Does Money Matter in Wellness Programs?

Financial incentives are on the rise in employee-wellness programs, according to a new survey.
By: | May 7, 2018 • 2 min read
Financial incentives in wellness programs

Money may not be able to buy happiness—but can it encourage health? That’s what benefits professionals are hoping, according to new research.

Financial incentives are increasingly being incorporated into corporate wellness strategies, the National Business Group on Health and Fidelity Investments found in a recent survey of benefits leaders at 162 large and mid-sized companies. Eighty-six percent of survey respondents use monetary motivation in their wellness programs, up from 74 percent last year. The value of the financial incentives companies are using to entice participation is also on the rise. The average incentive is $784 per employee annually, up from $742 last year—and an increase of 50 percent from five years ago.

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That pace won’t be slowing down, according to the survey, which found that 29 percent of participants plan to continue to increase financial incentives in the next few years.

“The fact that companies continue to dedicate an increasing amount of resources to their corporate well-being programs indicates they are having a positive impact on overall workforce performance,” says Robert Kennedy, senior vice president of Fidelity Benefits Consulting.

Other recent research has questioned the efficacy of wellness programs, finding that traditional efforts such as health assessments and weight-control initiatives had limited success for both employees and employers. The NBGH and Fidelity survey suggested that employers are moving away from the exclusive focus on individual health outcomes that had been common in traditional wellness programs.

Currently, 92 percent of respondents’ well-being programs include an emotional- or mental-health component, while 90 percent address financial security. Seventy-seven percent aim to help employees cope with job stress and 72 percent to connect them to the local community. Programmatic elements that appear primed for growth are spirituality and social connectedness, which 31 and 25 percent, respectfully, of survey respondents said they are considering introducing.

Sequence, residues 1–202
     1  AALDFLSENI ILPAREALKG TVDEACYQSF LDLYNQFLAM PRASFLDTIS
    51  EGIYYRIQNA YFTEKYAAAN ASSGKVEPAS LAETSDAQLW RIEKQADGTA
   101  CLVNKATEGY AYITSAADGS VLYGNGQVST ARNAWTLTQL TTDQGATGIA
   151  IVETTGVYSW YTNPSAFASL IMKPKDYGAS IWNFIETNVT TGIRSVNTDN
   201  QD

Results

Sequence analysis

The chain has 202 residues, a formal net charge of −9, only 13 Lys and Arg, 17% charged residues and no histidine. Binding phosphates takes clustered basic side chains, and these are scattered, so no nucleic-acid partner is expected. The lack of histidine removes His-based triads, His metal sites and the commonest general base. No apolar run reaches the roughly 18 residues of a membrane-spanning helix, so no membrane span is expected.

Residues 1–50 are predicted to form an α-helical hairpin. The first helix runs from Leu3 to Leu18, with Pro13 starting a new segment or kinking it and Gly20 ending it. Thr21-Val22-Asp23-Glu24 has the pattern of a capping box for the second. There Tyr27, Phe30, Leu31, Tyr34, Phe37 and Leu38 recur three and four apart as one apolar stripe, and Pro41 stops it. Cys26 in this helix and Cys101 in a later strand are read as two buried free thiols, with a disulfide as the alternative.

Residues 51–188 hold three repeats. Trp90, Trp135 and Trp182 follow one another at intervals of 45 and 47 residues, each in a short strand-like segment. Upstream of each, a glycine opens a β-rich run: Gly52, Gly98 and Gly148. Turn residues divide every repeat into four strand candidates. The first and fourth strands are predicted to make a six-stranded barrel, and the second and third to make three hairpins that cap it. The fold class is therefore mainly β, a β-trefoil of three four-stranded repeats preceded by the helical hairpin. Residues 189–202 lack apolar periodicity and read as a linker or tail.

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“More employers are viewing holistic well-being as an integral part of their overall workforce strategy,” says Brian Marcotte, president and CEO of NBGH. “The goal is to create a competitive advantage by deploying the healthiest, most productive, engaged and competitive workforce possible to boost business performance and empower great people and communities.”

The impact of employee-wellness programs on worker health and a company’s bottom line is a topic that is sure to be front and center as companies continue to strive for innovative ways to attract and retain top talent in this tight job market.

Jen Colletta is managing editor at HRE. She earned bachelor's and master's degrees in writing from La Salle University in Philadelphia and spent 10 years as a newspaper reporter and editor before joining HRE. She can be reached at hreletters@lrp.com.

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